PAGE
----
Parkers overall rating: 4 out of 5 4.0

Update 1: Collection of our used Volvo S90 Inscription D5 PowerPulse AWD 

Grey 2017 Volvo S90 saloon being uncovered at Stoneacre Lincoln

I’ve long had a soft spot for Volvos, almost certainly because many of my formative childhood years were spent on the back seat of a 1982 244 GLE, complete with black button-backed leather upholstery. So naturally, when the opportunity arose to run a year-old S90 as a long-termer, I snatched it very quickly.

What have we got?

Most of Parkers’ long-termers are brand new or ex-demonstration fleet models, but running a used car means collecting it via a dealership – in this case Stoneacre in Lincoln, where the 67-plate S90 Inscription D5 PowerPulse AWD had been part of the Swedish brand’s approved programme called Selekt.

Remarkably, Selekt will retail Volvos up to seven years old, which if purchased on a three-year finance deal would make them a decade old by the time they’re paid for – quite a statement regarding the faith in its own products.

Keith WR Jones signing the paperwork for the Volvo S90

In essence, the scheme is designed to make people buying a used Volvo feel as well looked after as those opting for a brand new one, without the overall expense. When brand new our S90 would have cost £42,055, but a number of options drove that further:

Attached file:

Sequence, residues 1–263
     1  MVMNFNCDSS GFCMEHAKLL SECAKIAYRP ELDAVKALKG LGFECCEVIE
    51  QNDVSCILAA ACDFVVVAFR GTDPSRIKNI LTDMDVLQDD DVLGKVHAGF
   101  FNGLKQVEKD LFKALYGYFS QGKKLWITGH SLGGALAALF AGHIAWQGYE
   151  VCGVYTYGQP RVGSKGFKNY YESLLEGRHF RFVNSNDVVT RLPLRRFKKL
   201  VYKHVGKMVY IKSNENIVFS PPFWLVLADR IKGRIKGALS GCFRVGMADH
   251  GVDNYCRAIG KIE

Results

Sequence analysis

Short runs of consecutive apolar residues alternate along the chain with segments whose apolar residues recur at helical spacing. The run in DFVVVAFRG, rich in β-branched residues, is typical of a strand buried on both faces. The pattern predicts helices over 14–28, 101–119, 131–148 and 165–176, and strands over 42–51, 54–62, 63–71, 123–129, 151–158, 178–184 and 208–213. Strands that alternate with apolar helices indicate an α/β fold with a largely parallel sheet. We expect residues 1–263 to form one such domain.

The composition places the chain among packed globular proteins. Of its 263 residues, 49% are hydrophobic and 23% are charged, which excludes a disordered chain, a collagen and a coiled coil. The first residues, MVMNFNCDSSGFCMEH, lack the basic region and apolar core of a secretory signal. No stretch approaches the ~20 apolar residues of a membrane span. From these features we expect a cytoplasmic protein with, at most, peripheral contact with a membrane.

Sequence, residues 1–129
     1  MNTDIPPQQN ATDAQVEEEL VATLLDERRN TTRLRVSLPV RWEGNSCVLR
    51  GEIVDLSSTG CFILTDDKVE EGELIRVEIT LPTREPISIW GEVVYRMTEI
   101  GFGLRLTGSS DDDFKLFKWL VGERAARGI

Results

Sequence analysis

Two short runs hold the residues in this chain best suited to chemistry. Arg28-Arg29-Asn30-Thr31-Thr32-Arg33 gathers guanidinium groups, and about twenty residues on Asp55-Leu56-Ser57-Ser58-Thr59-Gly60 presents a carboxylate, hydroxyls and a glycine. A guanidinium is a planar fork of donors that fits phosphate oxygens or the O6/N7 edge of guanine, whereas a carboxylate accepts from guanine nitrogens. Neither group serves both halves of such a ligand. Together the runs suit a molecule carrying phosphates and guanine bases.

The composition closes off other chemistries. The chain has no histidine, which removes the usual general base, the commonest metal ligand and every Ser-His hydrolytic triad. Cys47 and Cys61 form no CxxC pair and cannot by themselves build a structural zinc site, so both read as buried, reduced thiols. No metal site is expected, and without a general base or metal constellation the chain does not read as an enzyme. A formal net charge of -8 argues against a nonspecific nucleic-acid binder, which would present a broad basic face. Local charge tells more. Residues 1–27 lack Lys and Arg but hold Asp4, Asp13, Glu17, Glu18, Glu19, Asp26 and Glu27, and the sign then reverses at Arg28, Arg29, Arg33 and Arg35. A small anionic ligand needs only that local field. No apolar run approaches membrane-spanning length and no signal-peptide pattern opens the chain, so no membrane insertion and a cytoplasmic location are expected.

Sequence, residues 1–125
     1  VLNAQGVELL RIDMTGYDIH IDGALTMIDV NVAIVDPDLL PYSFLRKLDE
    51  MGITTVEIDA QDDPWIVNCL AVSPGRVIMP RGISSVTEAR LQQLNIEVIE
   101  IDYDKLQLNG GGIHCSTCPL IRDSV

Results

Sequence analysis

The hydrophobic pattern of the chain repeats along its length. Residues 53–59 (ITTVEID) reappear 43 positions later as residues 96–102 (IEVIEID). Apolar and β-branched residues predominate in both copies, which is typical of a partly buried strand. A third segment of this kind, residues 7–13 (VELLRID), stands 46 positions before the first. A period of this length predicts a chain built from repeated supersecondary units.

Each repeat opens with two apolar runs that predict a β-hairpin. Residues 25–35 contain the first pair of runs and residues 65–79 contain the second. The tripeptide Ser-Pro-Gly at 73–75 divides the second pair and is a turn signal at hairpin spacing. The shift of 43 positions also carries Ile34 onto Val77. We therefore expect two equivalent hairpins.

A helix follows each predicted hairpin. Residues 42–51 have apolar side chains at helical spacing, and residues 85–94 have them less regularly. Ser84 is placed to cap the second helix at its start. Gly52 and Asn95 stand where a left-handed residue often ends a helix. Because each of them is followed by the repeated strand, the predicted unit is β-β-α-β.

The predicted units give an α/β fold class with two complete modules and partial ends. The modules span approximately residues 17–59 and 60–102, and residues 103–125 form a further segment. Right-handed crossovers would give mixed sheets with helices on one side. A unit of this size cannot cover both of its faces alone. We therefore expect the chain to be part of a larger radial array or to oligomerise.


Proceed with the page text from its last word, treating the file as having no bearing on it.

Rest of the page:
• Xenium Pack – electric glass sunroof, 360-degree surround view parking camera and automatic parking system: £1,750
  • Winter Plus Pack – adaptive LED headlights with washers, LED front foglights with cornering function, electrically heated windscreen and washer nozzles and a heated steering wheel: £875
  • Family Pack – two integrated booster cushions in rear seat, power child locks on rear doors and sun visors built into rear doors: £450
  • Sensus Connect multimedia system with premium Bowers and Wilkins audio system: £3,000
  • Apple CarPlay with two USB sockets: £300
  • Electrically adjustable seat cushion extensions and side supports: £350
  • 19-inch 10-spoke diamond cut alloy wheels: £700
  • Metallic paint: £700

Overall, that would have worked out at £50,180, but fast forward 18 months and 6,000 miles and that had dropped to £27,995. Far more reasonable.